Laboratory of Molecular Genetics
We study insect cell growth regulators both in tissue cultures in vitro and in insect body in vivo. Recently we focused to adenosine signalling and regulation of energetic homeostasis in insect cells. Besides, we deal with methodological problems and try to widen possibilities of targeted mutagenesis. In residual time we pay attention to characterisation of silk proteins and of some markers for bark beetles study.
Targeted mutagenesis in insects
Targeted mutagenesis is one of the key methods for functional gene analysis. Two methods of gene targeting were established for Drosophila by Rong and Golic (2000) and Bibikova et al. (2002). The first one is based on a pair of site-specific DNA modifying enzymes from yeast, a recombinase and endonuclease that release a linear DNA fragment containing a modified sequence of the target gene in primordial germ cells. The other method is based on custom designed zinc finger nucleases (ZFNs), which are chimeric enzymes consisting of a zinc finger DNA recognition domain and the nonspecific nuclease domain of the Fok I restriction enzyme (Kimet al. 1996).
We pioneered the first method in Drosophila by knockouting the entire gene family using homologous recombination. We also evaluated a simplified variant of the second method and used direct microinjection of custom-designed Zinc Finger Nuclease (ZFN) mRNAs into silkworm embryos. We have a world priority of using ZFNs to generate germline mutations in an insect species other than Drosophila.
Extracellular adenosine and its receptor
Adenosine is a multifunctional nucleoside that is most important as an intracellular precursor of nucleic acids and ATP, but it is also a key extracellular signaling molecule affecting a variety of cellular processes. The interest in adenosine as a signaling molecule goes back at least as far as 1929. It has been known since the early study of Drury and Szent-Gyorgyi that adenosine injection increased coronary blood flow, reduced heart beat rate and lowered systemic blood pressure (Drury and Szent-Gyorgyi, 1929). In later studies, the extracellular adenosine was also implicated in the regulation of immune and neural functions, as well as in the responses to stress and hypoxia.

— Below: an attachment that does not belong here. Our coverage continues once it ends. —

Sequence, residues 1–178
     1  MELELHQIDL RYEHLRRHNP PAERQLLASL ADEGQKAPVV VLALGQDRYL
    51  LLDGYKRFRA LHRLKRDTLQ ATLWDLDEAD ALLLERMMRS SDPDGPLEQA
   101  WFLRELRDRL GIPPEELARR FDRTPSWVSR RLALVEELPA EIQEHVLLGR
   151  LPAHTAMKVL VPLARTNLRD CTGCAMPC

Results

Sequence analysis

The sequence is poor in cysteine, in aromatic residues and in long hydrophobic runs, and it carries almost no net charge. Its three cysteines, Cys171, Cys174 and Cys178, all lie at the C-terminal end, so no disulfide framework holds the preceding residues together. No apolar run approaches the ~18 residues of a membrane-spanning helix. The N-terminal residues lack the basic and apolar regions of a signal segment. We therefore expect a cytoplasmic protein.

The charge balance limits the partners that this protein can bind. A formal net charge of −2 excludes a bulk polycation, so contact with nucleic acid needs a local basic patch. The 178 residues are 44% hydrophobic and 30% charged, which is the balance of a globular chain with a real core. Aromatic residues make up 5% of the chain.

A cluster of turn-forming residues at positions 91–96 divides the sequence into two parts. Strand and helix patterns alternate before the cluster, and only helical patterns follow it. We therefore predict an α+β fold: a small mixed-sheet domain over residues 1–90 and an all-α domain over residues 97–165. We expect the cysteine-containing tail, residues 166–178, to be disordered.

Four mammalian subtypes of the AdoR have been identified and their genes cloned: A1, A2A, A2B, and A3. They have been shown to modulate intracellular levels of 3', 5'-adenosine cyclic monophosphate (cAMP) in different ways: A1 and A3 inhibit adenylate cyclase, whereas A2A and A2B stimulate this enzyme (van Calker et al., 1979; Londos et al., 1980). The existence of four receptors with different functions but overlapping patterns of expression, together with the pervasiveness of adenosine- mediated physiological events, pose difficult questions in efforts to design pharmacological and biochemical interventions (Nyce, 1999).
By conducting BLAST searches of the available Drosophila protein database, we have identified CG9753 as the gene encoding the Drosophila AdoR homolog. The sequence of Drosophila AdoR is quite divergent from the mammalian AdoRs but they still share the region important for adenosine binding. Furthermore, our pharmacological experiments revealed that Drosophila AdoR functionally responds to adenosine and is able to activate at least two second messenger pathways, involving cAMP and calcium. By assaying cAMP and Ca2+ levels in CHO cells transiently transfected with Drosophila AdoR, we detected increase in both cAMP and calcium levels after adenosine treatment. In both cases, activation occurred at physiologically relevant doses, and was only present for the AdoR plasmid in sense orientation.